You all know the answer to this one, right? Having considered myself a “sim racer” since at least 1992 I thought I did as well, but I have found that once I started to try to clarify it for myself I actually considered way more titles to be fully-fledged racing simulations than I ever have before. The catalyst came when another aging sim racer such as myself said “a bad sim is still a sim” – as this made me realize it has actually not got as much to do with the physics as I thought. A racing simulation with bad physics doesn’t magically become an arcade title, it pretty much has to have been designed that way.
Since I brought RSC back online last year I’ve had to decide a few times whether to feature software or not. Viper Racing (1998) is a good example of a title I previously chose not to feature because, frankly, I don’t think it contained racing versions of any Dodge Viper, and there were no real racing tracks. While it’s a title that I had a ton of fun with, it didn’t fit the criteria I had in my head. CART Precision Racing (1997) was another that I had thrown onto the arcade pile because the tracks weren’t particularly accurate and the A.I. were awful. Now I wonder why would bad A.I. make a racing title – especially one with a major real-world racing series license – not a sim, when software with no A.I. (such as iRacing until recently) wouldn’t be marked down for that?
I plodded along with this vague idea of what a racing simulation was to me, ignoring titles that weren’t ‘realistic’ enough (having usually not tried or tested them) and just covering the software I thought I should, but the release of Project Cars 3 left me with a serious question… What is a racing simulation? I decided to define what this really means, for me…
The first thing to understand is that a racing simulator is a specific child category under the simulation category. Simulations can include everything from flight sims to ‘life’ sims such as The Sims™ (yes, really), and it was important first of all to specify what “racing” is. This is what I came up with:
It simulates racing in an environment similar to how a sanctioned legal racing event happens in real life, even if using generic content – or – it simulates a licensed real-world racing series.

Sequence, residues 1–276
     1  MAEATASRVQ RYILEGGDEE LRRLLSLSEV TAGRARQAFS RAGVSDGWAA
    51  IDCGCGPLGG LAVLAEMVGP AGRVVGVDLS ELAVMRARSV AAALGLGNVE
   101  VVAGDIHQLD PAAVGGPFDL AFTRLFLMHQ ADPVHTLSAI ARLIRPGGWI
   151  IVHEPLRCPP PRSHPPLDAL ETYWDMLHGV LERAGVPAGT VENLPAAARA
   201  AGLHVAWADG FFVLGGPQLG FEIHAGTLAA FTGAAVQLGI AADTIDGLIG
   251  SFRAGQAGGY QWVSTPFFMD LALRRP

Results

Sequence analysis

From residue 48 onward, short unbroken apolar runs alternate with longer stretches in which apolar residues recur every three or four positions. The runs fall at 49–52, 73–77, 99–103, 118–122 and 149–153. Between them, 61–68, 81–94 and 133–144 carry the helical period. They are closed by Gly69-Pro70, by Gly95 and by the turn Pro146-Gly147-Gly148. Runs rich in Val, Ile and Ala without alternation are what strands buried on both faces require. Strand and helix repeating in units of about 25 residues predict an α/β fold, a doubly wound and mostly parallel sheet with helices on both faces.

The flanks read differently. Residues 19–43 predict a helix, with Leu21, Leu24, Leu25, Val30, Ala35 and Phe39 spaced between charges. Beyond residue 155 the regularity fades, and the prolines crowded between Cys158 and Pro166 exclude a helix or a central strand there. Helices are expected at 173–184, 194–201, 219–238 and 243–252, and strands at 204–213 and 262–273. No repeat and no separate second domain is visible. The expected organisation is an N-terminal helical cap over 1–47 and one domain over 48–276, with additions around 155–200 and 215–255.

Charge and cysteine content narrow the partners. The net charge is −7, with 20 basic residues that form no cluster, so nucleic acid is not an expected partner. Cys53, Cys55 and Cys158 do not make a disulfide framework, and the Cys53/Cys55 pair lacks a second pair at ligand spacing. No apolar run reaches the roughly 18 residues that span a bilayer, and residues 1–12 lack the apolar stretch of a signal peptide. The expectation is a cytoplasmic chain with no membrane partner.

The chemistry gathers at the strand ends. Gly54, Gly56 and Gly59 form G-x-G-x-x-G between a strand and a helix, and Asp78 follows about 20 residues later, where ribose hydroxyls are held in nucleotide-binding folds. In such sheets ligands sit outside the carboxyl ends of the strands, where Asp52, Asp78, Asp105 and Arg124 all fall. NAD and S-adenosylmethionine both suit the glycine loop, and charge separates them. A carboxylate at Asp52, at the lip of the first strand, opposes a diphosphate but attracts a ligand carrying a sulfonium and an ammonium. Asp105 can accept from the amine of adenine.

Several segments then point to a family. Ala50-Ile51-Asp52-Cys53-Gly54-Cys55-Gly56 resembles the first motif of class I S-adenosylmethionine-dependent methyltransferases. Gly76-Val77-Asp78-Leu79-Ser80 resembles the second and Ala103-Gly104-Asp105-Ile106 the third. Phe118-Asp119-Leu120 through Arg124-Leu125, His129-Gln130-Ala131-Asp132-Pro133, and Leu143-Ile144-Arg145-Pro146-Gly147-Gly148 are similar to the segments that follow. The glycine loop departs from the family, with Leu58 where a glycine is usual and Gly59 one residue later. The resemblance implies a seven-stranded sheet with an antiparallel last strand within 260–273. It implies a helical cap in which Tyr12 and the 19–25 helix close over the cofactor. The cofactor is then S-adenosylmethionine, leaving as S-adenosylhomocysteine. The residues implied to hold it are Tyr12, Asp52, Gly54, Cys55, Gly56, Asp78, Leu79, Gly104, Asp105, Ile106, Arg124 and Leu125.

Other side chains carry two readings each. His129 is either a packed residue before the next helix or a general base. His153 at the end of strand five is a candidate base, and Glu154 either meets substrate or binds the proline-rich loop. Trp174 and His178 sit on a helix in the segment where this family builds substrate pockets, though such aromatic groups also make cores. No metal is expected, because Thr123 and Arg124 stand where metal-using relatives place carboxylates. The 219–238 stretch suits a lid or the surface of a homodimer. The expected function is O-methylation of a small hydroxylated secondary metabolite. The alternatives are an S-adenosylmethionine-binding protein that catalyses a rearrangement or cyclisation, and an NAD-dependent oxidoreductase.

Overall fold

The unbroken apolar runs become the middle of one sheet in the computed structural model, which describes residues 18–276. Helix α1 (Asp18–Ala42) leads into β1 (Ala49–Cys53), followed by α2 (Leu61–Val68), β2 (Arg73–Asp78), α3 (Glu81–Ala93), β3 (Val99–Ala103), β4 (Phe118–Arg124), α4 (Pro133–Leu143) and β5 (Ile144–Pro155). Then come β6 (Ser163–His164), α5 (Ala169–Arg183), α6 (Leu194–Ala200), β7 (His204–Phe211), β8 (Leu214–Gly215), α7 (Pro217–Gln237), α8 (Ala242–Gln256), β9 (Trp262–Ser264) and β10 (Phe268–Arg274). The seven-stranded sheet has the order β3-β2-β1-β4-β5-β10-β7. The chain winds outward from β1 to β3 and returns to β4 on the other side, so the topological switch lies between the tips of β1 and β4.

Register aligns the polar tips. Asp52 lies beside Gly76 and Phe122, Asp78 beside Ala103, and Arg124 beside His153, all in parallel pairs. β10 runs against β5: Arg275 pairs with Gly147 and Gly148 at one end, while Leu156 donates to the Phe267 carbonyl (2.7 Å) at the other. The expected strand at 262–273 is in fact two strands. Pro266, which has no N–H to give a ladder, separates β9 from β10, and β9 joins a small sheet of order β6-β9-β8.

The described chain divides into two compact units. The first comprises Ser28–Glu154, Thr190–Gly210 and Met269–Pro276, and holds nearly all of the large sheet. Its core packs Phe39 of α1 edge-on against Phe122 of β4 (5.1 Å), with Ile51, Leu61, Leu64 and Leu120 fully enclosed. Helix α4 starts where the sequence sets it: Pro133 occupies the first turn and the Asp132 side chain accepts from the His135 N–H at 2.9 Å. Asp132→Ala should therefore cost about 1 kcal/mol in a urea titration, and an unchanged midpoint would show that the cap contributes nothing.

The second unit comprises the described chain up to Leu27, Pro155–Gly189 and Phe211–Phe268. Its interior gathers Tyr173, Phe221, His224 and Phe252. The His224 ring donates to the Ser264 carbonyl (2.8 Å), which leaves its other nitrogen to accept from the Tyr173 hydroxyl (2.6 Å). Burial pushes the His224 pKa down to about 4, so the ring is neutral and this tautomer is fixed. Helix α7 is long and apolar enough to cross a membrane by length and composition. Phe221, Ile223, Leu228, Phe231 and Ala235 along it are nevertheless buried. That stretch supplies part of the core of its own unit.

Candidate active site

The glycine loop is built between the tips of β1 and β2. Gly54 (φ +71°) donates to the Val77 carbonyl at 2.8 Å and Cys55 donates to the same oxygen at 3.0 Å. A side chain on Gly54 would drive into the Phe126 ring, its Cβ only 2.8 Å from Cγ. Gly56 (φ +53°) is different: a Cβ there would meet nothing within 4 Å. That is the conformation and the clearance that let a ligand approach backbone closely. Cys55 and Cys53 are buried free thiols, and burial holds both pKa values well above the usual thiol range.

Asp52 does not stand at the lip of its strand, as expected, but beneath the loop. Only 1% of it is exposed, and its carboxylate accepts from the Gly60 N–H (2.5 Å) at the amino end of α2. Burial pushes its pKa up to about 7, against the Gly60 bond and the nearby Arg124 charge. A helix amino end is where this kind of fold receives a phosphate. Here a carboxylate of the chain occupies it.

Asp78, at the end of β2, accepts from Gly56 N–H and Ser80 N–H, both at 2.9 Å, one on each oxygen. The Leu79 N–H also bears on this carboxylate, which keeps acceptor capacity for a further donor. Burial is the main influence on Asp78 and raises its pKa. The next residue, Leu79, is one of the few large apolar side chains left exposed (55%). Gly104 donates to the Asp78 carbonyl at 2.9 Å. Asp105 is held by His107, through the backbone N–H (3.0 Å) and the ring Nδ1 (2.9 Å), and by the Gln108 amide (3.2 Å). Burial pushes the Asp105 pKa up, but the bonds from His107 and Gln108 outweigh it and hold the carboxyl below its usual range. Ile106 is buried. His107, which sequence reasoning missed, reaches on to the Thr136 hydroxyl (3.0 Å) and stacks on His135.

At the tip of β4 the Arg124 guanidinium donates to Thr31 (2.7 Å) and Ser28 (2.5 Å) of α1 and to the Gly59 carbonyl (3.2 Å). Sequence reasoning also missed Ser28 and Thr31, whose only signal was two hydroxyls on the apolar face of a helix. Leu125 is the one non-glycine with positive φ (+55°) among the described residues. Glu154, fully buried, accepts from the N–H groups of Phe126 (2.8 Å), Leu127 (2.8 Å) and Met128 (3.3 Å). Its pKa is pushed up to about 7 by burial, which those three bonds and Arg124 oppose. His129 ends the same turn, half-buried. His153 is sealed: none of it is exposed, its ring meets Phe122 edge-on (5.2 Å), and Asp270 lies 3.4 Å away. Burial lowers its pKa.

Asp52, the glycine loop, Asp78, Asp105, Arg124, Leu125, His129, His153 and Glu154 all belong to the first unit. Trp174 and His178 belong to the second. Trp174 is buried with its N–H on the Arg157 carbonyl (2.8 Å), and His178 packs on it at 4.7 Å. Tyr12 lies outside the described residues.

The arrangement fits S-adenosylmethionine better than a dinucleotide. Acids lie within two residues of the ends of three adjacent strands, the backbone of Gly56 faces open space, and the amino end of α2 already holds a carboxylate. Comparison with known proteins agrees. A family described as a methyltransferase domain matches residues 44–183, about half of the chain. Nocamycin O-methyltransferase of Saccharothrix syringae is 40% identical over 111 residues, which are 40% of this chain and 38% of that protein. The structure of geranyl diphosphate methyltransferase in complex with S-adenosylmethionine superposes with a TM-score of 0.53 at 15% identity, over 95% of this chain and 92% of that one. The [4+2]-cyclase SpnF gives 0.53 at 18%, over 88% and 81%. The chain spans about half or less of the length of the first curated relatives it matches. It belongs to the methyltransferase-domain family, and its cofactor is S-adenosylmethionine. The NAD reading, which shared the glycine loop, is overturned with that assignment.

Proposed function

I needed to break that down. I can’t put a title like Wreckfest – which does include some good examples of real-life racing in generic form – in the context of a real-world sport where safety is paramount. It may well simulate racing but I needed a way to clarify what type of product we were dealing with, so I went back to the word “sanctioned” and added this:
It does not include glorification of dangerous driving that would be unacceptable in real world racing.
I then circled back to consider what I actually want a car simulation to offer in its basic form, and even if the physics don’t feel spot-on I felt that it should at least try to simulate the vehicles involved. It should have the ability to use fuel, wear tires, and properly drive its wheels. Basically, this is the defining characteristic of a car simulator:
It attempts to simulate the basics of the vehicle(s) involved including fuel usage and wheels that are correctly driven (front/rear/four wheel drive).
Refining this again, I added:
It allows setup adjustments present in the real world, and those setup adjustments alter the handling of the vehicle in a way that is expected in the real world.
However, it didn’t escape me that there was a period of time where simulating fuel usage, tire wear, or completely accurate setup adjustments may have been difficult due to hardware limitations or even last minute budget constraints. Should Indy 500 (1989) not be considered a simulation just because it’s more simplistic than a modern title? Should any old title be marked down due to age? Of course not! Also, what if the developer intended to do these things and just didn’t do a very good job? Surely this is a poor simulation rather than an arcade game? I covered this by adding:
The developer intended to create a simulation and did not remove setup adjustment, fuel usage, tire wear or drive as a design decision rather than because of limited time or that it was technically advanced for the time.
This took the recently released Project Cars 3 out of the running as a racing simulation because it does not simulate the basics of vehicle simulation (there are no pit stops and no fuel is used), simple as that. This clearly wasn’t a hardware limitation as it was removed since Project Cars 2… This was a design decision.
Now that I’ve said that my question is; Why that’s a bad thing? Surely being a fun racing game is preferable to being a terrible simulation? Why can’t we embrace and be proud to have created an experience anymore? There are developers out there who will easily check every box that classifies their title as a racing simulation, but it will be an AWFUL experience to drive it with much less realistic handling than Project Cars 3. Handling won’t make Project Cars 3 a simulation by my definition though just as much as a poor simulation won’t become arcade.
So I went into this thinking that defining would mean I REDUCED the number of titles I would be covering, but it’s quite the opposite in reality. I previously only listed Codemasters titles from F1 2016 onward but now will list them all and just consider F1 2015 poor and F1 2017 to F1 2020 ‘average’. It was this that made me consider a grading system (Best through Poor) once a title passes the above requirements for coverage as a simulation.
Remember: Making a stellar racing experience should not be looked down upon, regardless of genre. It just doesn’t mean I have to cover it or include it in the index.